With reports showing that Australia’s principals are burdened with increasing levels of anxiety, burnout and even violence, it’s understandable that new leaders stepping into the role will feel a sense of foreboding.
To help these brave new principals navigate the complex aspects of their role – and there are a lot – education providers across Australia are equipping leaders with the skills they will need to thrive.
In Melbourne, a successful principal induction program is helping Catholic school leaders develop their leadership strengths, establish new professional networks and shape their capacity to lead with confidence.
On Tuesday, 22 Catholic school principals in the Melbourne Archdiocese were inducted into their new roles at the first of four workshops addressing leadership, faith and formation, accountability and compliance, network learning and support.
Jim Miles is the executive director of Melbourne Archdiocesan Catholic Schools (MACS), which was launched in October 2020 to assume the governance and operation of Australia’s largest diocese.
He said the induction program helps principals address the key challenges that Australia’s education system is likely to face in 2021.
“If we go back to first principles, Catholic school leadership unfolds in an educational community that is enlivened by Catholic faith. It encompasses the capacity to articulate a clearly defined vision for the school that inspires others to hear and respond to the call of the Gospel,” Miles told The Educator.
“Principals today require a highly sophisticated combination of knowledge, skills, and attributes, which, in the face of constant and rapid social, economic, technological, and educational change, requires continual enhancement”.
Miles said that while stewardship, discernment and management, and the accountabilities inherent in the principal role are ever-present, at the heart of the role must remain the safety, wellbeing and holistic development of the students in their care.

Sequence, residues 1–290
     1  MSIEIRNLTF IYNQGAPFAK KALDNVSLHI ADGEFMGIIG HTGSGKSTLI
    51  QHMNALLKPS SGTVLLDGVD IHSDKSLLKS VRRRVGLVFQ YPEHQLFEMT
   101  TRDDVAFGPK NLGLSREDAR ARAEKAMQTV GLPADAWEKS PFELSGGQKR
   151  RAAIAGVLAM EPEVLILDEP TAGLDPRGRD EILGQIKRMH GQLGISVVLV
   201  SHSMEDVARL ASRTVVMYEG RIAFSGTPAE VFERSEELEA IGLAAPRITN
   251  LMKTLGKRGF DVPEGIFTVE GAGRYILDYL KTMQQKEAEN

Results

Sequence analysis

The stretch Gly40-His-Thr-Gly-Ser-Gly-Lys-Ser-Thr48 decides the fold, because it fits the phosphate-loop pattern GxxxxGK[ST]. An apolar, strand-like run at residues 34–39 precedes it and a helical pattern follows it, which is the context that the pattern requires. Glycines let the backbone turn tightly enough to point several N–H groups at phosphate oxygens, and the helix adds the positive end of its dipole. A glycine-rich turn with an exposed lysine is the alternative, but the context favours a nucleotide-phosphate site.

“The challenges of the COVID-19 pandemic here in Melbourne have both stress-tested and highlighted the capability of our principals and also brought into sharp focus the central leadership role they play in the fabric of their communities more broadly,” he said.
“I believe our Catholic school principals have, and continue to, respond magnificently – displaying strong and decisive leadership, professionalism, innovation, care, and compassion”.
Miles said the induction of new MCS principals “should be a process rather than an event”.
“The program across the year addresses leadership, faith and formation, accountability and compliance, network learning and support, and provides support through a combination of internal workshops and networking opportunities, as well as externally brokered programs, including mentoring”.
One of the inducted principals – Liam Buckley from St Joseph’s school in Black Rock – says climbing up the ladder rung from deputy to school head requires a change in mind-set that takes some getting used to.
“As the leader you have to trust and empower your teachers and staff team. You also need to be an advocate for your students, families and staff, and meet their needs,” Buckley said.
“The role is very diverse and can be emotionally draining. From a personal wellbeing perspective, you also need to find strategies to be able to ‘switch-off’. Developing networks of critical friends and principal colleagues will be vitally important”.
Upon taking up the principalship of St Peter’s, Epping in Term 3 last year, Angela Tonkin was given good advice about the importance of listening – to parents, students and staff – as a vital skill for new principals.
“We have made some changes to the operation of the school, but they have been driven by the voices of the people who really count, as well as the data,” Tonkin said.
“Being a principal is one of the hardest things I’ve ever done, but it’s also incredible rewarding. I think it takes a ‘village’ to support a principal and I’m greatly appreciative of the programs put in place by MACS and the opportunities to build collegial networks”.